In early 1767, the British Parliament adopted the plan offered by Charles Townshend, chancellor of the exchequer, to levy import duties on a range of items used in the American colonies, including paper, lead, glass, dyes, and tea.
The colonists were outraged, and full enforcement of the duties was impossible. By early 1769, merchants in every colony were refusing to import British goods. Many products, tea in particular, were being smuggled in from other countries. Poorly paid customs officials survived on bribes. Those trying to execute their duties were frequently greeted at gunpoint. Friends and neighbors would surround houses officials tried to search for contraband. Colonists refused to testify against one another. All told, there was only one smuggling conviction in New England in two and one-half years.
The less radical colonists responded to the Townshend duties with a great deal of pamphleteering. Moderate John Dickinson wrote in his Letters from a Farmer in Pennsylvania, “[W]e cannot be free without being secure in our property–… we cannot be secure in our property if without our consent others may as by right take it away–… taxes imposed on us by Parliament do thus take it away.”
In 1770, Parliament repealed most of the Townshend taxes, but retained the tax on tea, and the smuggling of that product continued. By 1773, 15-20 million pounds of unsold tea languished in British warehouses. British prime minister Lord North decided to reduce – but not repeal — the tea tax, thus underselling the smuggled tea, and export it to colonial merchants.
The gesture offended the colonists. The financial cost of the tax was not the issue inflaming them. The true issue was the moral question of whether or not Britain had the right to tax the colonists at all without their consent. Attempting to undersell the smuggled tea was seen as an attempt at bribery.
Seven tea-carrying ships set sail – four for Boston and one each for New York, Philadelphia, and Charleston. Most of the New York merchants refused to stock the tea. The people of Philadelphia adopted resolutions declaring that since “the duty imposed by Parliament upon tea landed in America is a tax on the Americans, or levying contributions on them without their consent, it is the duty of every American to oppose this attempt”. The intimidated importers in those two cities sent the tea back. In Charleston, the tea was unloaded and then sat unsold in warehouses.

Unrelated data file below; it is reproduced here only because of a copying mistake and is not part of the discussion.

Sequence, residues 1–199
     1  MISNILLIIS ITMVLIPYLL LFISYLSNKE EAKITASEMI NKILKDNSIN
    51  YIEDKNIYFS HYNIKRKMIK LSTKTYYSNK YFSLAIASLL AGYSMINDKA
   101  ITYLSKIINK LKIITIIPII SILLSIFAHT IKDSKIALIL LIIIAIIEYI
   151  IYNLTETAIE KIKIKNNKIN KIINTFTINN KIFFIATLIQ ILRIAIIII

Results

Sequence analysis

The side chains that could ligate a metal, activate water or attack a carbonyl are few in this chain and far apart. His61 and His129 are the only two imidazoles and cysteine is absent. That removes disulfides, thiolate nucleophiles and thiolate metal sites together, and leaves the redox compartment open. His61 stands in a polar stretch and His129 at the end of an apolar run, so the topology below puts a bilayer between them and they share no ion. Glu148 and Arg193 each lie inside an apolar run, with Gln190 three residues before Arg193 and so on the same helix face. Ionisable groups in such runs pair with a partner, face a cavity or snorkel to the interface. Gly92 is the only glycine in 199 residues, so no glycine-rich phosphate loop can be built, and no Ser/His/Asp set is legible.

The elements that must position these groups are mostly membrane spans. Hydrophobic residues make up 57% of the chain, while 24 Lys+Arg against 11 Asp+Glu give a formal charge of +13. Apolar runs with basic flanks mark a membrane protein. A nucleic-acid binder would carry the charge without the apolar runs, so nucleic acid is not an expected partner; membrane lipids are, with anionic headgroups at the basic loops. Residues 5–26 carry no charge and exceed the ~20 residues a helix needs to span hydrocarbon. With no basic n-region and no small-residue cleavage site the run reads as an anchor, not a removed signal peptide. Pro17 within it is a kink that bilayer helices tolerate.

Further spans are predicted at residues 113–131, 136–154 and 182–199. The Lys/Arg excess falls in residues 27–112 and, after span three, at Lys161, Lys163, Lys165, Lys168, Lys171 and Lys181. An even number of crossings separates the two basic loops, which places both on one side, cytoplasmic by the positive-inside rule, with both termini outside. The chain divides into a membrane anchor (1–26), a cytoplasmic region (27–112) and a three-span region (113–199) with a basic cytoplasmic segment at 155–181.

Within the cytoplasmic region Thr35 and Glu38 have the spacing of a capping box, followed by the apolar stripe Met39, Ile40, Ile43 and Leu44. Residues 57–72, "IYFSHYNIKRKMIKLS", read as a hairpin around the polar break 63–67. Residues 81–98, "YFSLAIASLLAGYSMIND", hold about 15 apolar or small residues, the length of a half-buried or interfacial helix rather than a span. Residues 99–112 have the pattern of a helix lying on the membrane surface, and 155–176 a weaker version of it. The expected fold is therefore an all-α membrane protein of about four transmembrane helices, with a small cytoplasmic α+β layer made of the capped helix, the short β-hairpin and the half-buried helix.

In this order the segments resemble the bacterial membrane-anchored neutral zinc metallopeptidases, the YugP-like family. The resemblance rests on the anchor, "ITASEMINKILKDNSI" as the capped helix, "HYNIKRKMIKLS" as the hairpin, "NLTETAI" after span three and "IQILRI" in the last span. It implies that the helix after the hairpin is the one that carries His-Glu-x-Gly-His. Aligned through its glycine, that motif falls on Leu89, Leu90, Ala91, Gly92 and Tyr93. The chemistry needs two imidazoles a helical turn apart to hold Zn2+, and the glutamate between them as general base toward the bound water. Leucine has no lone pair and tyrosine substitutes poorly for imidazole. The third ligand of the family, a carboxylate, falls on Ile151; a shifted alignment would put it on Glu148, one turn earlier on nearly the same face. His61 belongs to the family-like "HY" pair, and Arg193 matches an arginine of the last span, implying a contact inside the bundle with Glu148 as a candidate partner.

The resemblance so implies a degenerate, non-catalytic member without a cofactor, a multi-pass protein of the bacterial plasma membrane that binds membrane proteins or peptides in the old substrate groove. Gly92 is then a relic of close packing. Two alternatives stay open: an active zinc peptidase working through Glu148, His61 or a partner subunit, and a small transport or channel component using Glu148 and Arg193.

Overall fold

As usual, the patriots of Boston were rowdier. On the evening of December 16, 168 Sons of Liberty, disguised as Mohawks, rowed out to the anchored tea ships, boarded them, split open the cargo chests, and dumped their contents – approximately ₤15,000 worth – into the harbor.
The British reacted to the Boston Tea Party in early 1774 with what became known as the Intolerable Acts. The port of Boston was ordered closed until the patriots made restitution for the tea. A new quartering act required families to lodge British soldiers in their homes. The Massachusetts Government Act made the colony’s council and law-enforcement officers all appointive by the crown. The Administration of Justice Act permitted the transfer of any British official accused of committing an offense while on duty to be tried in England.
The Intolerable Acts were intended to make an example of Boston and intimidate the other colonies. In fact, they had the opposite effect: They unified the colonies.
In Virginia, George Washington argued that the colonies must not “suffer ourselves to be sacrificed by piece meals”. In Williamsburg, that colony’s capital, Thomas Jefferson, Patrick Henry, and other members of the House of Burgesses drafted a successful resolution declaring June 1, 1774, a day of fasting, humiliation, and prayer in support of the Bostonians.
In response, Lord Dunmore, the royal governor, dissolved the Virginia Assembly …